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Suicide Prevention Resources Available Throughout Lewis County

Chronicle, The (Centralia, WA) - 9/12/2013

Sept. 12--Those who are considering suicide or are worried about someone who may be suicidal have an array of resources in Lewis County, including crisis hotlines, evaluations and free classes.

With Sept. 8 to Sept. 14 recognized as National Suicide Prevention Week, the Lewis County Coroner's Office is working with community partners to emphasize ways to reduce the preventable deaths.

"The idea is to get the message out that, don't be afraid to reach out and contact people," Lewis County Coroner Warren McLeod said. "Suicide is a 100-percent preventable type of death."

The Coroner's Office is partnering with Cascade Mental Health Care and Lewis County Public Health & Social Services to raise awareness.

Cascade Mental Health Care will offer Mental Health First Aid USA on Sept. 30 for people who work with adults and on Oct. 1 for people who work with children.

Both classes will be held from 8:30 a.m. to 5 p.m. with a 30-minute lunch break.

To register for the class, call (360) 330-9044.

Sarah Hockett, the program manager for crisis services at Cascade Mental Health Care, said the first aid classes are usually only taught to health care professionals and this will be the first time they are open to the public. If there is a high public response, Hockett said, the class may be continued.

Cascade Mental Health Care additionally offers a family support group on Wednesday nights from 5 to 7 p.m. for adult family members whose loved ones experience mental illness.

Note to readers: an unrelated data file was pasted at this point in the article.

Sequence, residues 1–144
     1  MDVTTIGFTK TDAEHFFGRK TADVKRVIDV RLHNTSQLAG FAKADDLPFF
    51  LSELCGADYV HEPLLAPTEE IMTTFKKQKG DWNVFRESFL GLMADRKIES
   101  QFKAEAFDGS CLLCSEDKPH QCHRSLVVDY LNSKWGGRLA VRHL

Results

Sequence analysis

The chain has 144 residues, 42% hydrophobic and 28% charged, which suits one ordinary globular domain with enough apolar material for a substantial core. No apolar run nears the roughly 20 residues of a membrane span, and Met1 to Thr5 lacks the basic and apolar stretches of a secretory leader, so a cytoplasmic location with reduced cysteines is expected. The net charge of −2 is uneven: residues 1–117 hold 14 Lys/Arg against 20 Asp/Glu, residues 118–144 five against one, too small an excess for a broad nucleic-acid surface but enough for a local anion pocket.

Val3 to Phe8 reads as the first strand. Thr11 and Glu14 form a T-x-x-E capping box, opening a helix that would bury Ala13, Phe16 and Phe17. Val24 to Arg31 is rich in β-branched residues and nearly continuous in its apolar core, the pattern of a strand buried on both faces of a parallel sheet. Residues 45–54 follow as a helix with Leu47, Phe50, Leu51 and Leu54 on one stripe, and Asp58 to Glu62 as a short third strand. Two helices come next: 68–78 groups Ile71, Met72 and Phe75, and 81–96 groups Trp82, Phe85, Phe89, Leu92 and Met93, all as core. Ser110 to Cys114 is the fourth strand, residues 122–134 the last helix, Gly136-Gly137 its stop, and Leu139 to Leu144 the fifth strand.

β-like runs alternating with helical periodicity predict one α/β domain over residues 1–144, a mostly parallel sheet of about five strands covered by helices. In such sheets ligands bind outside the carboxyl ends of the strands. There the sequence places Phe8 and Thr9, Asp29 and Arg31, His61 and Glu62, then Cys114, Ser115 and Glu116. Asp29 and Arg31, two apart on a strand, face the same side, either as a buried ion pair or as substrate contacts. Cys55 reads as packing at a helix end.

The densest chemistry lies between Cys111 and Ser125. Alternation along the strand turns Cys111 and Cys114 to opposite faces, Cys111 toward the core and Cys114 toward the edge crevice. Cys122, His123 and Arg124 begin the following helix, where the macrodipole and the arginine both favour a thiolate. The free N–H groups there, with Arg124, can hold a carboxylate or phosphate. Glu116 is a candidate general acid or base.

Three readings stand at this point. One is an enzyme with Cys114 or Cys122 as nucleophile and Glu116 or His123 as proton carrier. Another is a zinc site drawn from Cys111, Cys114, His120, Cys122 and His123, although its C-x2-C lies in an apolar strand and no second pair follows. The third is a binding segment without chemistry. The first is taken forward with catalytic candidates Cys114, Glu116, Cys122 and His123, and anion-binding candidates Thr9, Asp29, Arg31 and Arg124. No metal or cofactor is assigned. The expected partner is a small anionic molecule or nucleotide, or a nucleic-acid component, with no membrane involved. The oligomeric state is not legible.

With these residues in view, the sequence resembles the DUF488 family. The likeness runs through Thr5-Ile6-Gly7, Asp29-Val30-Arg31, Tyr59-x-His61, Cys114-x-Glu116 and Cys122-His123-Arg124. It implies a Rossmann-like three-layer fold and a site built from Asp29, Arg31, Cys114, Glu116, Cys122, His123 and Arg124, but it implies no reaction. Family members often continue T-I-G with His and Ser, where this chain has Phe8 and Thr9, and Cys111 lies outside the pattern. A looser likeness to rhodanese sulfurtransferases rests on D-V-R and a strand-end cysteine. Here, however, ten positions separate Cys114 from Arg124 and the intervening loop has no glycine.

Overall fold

Crisis services in Lewis County are offered at no cost, 24 hours a day, at Cascade Mental Health Care by calling 1-800-599-6696.

"A lot of times we can try to mitigate things before a hospital evaluation," Hockett said. "We do a lot of resource management. People get into a crisis when they feel like they don't have an out, getting bills paid or paying for medical care. We help them get coordinated with community resources."

McLeod said the purpose of the Suicide Prevention Week is to work with residents to help increase awareness about suicide, educate the public about the signs and symptoms of suicide and have them refer people who may need help to the appropriate resources.

For the rest of the year, resources are also available from the Human Response Network, Providence Centralia Hospital and even by calling 911.

Local schools work with children as young as 5 to offer assistance.

The Chehalis School District uses four mental health therapists, along with four other school counselors to work with students and families.

Brian Adams, a mental health therapist for the Chehalis School District, said he travels throughout the district's schools to help distraught kids get through serious situations.

"When a kid goes home at 2:40 p.m. we want to know they will be safe and return the next day," Adams said.

Centralia Superintendent Steve Bodnar said the teachers and counselors in his school district are all given information and resources to recognize a child that may be struggling emotionally.

"Any time we see a student, especially ninth to 12th grade, emotionally distressed, there is a referral and the counselor gets to talk with the student," Bodnar said. "It becomes a three-way conversation with the parents, the student and the counselor."

The suicide rates in Lewis County have slightly risen in the past few years with nine reported in 2011, 14 in 2012 and 12, to date, this year.

McLeod said the suicides in Lewis County range from kids under 18 years old to people in their 80s, with no general trend.

"We haven't been able to identify one special theme or identify a majority of people," McLeod said. "Trends are up to us to watch. We track them and I keep a close eye to see if there was one common denominator."


(c)2013 The Chronicle (Centralia, Wash.)

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